From one of England's most celebrated writers, the author of the award-winning The History Boys, a funny and superbly observed novella about the Queen of England and the subversive power of reading
When her corgis stray into a mobile library parked near Buckingham Palace, the Queen feels duty-bound to borrow a book. Discovering the joy of reading widely (from J. R. Ackerley, Jean Genet, and Ivy Compton-Burnett to the classics) and intelligently, she finds that her view of the world changes dramatically. Abetted in her newfound obsession by Norman, a young man from the royal kitchens, the Queen comes to question the prescribed order of the world and loses patience with the routines of her role as monarch. Her new passion for reading initially alarms the palace staff and soon leads to surprising and very funny consequences for the country at large.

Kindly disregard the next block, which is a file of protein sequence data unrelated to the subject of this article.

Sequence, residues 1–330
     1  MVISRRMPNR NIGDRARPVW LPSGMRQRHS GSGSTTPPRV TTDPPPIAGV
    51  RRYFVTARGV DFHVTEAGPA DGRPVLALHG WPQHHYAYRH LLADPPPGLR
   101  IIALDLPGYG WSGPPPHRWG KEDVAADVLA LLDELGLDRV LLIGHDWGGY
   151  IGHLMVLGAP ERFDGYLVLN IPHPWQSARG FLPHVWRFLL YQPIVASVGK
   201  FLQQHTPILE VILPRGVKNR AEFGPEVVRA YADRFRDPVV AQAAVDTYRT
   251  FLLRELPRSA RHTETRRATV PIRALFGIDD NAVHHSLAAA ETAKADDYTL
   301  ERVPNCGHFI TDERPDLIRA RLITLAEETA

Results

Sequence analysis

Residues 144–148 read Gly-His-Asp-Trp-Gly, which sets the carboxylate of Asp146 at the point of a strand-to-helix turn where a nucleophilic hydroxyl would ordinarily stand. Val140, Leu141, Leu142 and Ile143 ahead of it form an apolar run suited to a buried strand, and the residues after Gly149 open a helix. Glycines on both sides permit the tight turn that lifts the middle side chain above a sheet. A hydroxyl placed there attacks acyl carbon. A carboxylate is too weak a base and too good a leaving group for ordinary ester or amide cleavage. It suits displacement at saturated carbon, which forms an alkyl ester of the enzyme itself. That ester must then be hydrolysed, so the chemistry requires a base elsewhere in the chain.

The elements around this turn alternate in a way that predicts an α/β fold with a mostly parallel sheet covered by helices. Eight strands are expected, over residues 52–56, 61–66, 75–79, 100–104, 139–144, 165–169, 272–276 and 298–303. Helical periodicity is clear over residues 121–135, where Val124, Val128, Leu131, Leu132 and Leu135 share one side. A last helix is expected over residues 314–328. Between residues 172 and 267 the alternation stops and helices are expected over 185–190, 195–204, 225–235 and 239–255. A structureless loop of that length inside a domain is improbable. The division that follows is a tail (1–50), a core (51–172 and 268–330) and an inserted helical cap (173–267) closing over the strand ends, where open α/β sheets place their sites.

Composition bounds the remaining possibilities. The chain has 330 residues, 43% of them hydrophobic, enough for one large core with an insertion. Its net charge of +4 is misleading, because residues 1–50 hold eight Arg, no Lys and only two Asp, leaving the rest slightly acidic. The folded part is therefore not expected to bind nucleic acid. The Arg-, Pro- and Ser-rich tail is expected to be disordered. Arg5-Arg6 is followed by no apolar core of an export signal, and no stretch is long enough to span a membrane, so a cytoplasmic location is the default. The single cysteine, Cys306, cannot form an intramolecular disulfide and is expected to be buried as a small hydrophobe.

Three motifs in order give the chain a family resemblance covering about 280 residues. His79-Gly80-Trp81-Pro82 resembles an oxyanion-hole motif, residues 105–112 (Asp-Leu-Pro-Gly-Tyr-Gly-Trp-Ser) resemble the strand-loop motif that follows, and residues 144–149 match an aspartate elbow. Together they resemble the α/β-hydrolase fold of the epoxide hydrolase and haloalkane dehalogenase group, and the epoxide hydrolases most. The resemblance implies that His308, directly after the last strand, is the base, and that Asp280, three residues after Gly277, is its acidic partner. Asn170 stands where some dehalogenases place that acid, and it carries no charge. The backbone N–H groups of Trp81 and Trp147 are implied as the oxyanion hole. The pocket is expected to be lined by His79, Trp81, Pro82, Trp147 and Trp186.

The Uncommon Reader,…is a kind of palace fairy tale for grown-ups. Once again [Bennett] tells a story about an eccentric old lady, a character type he seems to enjoy. (He wrote a wonderful memoir, The Lady in the Van, about the nut job who lived in his garden for 15 years.) This time, his odd, isolated heroine is the queen of England. The story of her budding love affair with literature blends the comic and the poignant so smoothly it can only be by Bennett. It's not his very best work, but it distills his virtues well enough to suggest how such a distinctive style might have arisen.